Cryonic proponents go further than the mainstream consensus in asserting that the brain does not have to be continuously active to survive or retain memory. Cryonics controversially asserts that a human survives even within an inactive brain that has been badly damaged, provided that original encoding of memory and personality can, in theory, be adequately inferred and reconstituted from structure that remains. Cryonicists argue that as long as brain structure remains intact, there is no fundamental barrier, given our current understanding of physical law, to recovering its information content. The cryonics argument that death does not occur as long as brain structure remains intact and theoretically repairable has received some mainstream medical discussion in the context of the ethical concept of brain death and organ donation.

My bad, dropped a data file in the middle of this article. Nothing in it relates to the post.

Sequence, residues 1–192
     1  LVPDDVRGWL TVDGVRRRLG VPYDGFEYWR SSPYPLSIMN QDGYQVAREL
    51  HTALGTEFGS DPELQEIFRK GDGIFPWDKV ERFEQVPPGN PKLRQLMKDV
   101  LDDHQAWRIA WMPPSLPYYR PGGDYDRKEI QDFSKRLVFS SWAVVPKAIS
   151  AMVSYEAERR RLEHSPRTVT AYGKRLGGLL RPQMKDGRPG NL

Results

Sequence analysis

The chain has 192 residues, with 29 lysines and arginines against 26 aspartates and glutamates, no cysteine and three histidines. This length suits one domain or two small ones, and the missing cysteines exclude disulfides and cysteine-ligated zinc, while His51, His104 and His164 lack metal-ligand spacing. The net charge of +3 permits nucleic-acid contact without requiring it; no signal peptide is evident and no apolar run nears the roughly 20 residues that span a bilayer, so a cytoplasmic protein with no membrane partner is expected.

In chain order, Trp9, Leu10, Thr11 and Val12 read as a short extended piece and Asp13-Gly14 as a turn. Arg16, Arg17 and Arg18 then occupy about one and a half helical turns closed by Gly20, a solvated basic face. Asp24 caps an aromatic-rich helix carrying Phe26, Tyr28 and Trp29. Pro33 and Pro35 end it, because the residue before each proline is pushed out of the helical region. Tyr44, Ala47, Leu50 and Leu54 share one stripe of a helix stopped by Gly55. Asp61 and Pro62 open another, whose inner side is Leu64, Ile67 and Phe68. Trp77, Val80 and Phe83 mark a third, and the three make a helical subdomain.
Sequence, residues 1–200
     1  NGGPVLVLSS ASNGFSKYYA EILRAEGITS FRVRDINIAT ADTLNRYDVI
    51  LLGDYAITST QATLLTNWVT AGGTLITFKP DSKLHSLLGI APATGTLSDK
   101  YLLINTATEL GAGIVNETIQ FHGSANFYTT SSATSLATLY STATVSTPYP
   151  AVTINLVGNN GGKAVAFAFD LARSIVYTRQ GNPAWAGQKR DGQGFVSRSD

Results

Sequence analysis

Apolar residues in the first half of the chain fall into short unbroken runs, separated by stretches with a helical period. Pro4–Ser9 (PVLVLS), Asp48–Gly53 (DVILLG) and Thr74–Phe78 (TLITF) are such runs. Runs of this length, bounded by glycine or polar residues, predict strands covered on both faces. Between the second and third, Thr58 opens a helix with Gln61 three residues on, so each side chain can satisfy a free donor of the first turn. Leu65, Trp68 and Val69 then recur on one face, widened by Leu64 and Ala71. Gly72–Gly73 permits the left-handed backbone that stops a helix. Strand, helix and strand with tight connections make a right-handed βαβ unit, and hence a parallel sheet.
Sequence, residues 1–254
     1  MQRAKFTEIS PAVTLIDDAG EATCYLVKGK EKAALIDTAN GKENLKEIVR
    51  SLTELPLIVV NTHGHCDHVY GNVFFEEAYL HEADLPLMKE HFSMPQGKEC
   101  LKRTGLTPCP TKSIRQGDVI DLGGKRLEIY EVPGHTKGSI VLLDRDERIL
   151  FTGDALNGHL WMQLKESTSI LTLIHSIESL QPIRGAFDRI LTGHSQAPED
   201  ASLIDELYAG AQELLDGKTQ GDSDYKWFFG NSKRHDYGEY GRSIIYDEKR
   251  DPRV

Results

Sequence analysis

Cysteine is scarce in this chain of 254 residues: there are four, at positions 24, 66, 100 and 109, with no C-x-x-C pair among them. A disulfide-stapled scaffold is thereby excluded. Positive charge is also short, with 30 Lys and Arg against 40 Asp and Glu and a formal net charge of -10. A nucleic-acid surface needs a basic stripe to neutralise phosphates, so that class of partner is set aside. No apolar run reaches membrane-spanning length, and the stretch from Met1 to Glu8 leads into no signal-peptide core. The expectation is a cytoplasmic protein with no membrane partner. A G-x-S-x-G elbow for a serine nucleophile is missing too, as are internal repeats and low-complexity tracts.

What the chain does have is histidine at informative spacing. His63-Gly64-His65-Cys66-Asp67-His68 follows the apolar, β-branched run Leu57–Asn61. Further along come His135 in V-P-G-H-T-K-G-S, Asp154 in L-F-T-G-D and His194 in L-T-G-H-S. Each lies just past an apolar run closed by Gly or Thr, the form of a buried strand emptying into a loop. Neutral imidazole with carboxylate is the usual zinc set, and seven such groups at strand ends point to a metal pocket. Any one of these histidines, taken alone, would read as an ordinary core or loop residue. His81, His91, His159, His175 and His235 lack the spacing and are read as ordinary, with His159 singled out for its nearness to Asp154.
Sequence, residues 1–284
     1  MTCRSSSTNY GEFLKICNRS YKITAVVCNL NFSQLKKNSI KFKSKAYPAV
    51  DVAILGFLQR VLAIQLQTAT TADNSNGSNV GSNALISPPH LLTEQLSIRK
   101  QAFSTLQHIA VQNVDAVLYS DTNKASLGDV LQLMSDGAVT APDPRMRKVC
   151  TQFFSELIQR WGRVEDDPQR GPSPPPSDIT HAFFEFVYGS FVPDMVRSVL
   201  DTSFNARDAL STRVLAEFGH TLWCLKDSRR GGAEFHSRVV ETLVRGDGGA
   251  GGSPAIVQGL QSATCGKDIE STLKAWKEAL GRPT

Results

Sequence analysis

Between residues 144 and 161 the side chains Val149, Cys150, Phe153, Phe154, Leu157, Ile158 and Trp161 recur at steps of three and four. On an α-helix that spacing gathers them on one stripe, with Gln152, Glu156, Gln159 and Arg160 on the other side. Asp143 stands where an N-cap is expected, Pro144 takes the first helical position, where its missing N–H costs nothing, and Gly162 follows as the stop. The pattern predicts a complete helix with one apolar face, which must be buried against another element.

Cryonics uses temperatures below −130 °C, called cryopreservation, in an attempt to preserve enough brain information to permit future revival of the cryopreserved person. Cryopreservation may be accomplished by freezing, freezing with cryoprotectant to reduce ice damage, or by vitrification to avoid ice damage. Even using the best methods, cryopreservation of whole bodies or brains is very damaging and irreversible with current technology.
Cryonics requires future technology to repair or regenerate tissue that is diseased, damaged, or missing. Brain repairs in particular will require analysis at the molecular level. This far-future technology is usually assumed to be nanomedicine based on molecular nanotechnology. Biological repair methods or mind uploading have also been proposed.